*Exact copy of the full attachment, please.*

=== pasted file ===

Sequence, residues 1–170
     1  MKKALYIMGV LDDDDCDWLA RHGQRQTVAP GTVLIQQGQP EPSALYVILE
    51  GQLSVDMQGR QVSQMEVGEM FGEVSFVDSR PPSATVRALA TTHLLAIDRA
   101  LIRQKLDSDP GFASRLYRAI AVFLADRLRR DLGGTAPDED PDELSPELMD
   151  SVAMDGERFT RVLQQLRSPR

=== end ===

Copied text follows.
Sequence, residues 1–170
     1  MKKALYIMGV LDDDDCDWLA RHGQRQTVAP GTVLIQQGQP EPSALYVILE
    51  GQLSVDMQGR QVSQMEVGEM FGEVSFVDSR PPSATVRALA TTHLLAIDRA
   101  LIRQKLDSDP GFASRLYRAI AVFLADRLRR DLGGTAPDED PDELSPELMD
   151  SVAMDGERFT RVLQQLRSPR